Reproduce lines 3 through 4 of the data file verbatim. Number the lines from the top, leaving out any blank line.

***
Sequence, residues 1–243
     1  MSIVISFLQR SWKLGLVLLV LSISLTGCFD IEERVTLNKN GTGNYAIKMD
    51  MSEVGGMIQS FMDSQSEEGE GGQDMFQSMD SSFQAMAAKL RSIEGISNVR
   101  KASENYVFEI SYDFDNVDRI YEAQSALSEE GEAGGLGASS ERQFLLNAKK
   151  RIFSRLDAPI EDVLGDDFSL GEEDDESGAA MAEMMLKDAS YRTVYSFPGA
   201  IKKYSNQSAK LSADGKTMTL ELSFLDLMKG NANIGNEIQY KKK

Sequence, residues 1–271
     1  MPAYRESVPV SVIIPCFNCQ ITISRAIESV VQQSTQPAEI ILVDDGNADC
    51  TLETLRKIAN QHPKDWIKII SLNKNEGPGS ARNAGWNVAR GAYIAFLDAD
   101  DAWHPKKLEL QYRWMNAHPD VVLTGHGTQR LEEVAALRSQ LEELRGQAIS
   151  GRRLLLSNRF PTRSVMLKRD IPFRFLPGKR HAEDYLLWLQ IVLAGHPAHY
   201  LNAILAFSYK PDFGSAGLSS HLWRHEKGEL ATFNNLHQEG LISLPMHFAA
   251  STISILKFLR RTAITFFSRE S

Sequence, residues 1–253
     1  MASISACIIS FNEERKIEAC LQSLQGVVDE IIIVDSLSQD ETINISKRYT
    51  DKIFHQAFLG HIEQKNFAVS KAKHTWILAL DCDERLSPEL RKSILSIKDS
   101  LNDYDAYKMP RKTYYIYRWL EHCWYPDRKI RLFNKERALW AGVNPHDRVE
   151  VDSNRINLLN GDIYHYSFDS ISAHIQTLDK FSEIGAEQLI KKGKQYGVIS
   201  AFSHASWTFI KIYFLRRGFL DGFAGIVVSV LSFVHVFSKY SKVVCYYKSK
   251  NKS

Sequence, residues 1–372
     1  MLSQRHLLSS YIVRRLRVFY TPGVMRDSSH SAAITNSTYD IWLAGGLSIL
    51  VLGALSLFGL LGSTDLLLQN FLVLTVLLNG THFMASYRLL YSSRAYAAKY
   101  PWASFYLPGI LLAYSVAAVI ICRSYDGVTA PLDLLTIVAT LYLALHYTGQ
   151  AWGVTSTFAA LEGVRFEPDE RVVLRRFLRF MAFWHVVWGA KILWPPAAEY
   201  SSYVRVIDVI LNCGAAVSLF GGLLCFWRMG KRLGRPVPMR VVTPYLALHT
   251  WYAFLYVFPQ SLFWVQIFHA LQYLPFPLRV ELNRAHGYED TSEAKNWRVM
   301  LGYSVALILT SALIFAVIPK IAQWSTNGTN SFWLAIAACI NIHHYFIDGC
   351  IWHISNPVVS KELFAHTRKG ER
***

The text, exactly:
    51  MSEVGGMIQS FMDSQSEEGE GGQDMFQSMD SSFQAMAAKL RSIEGISNVR
   101  KASENYVFEI SYDFDNVDRI YEAQSALSEE GEAGGLGASS ERQFLLNAKK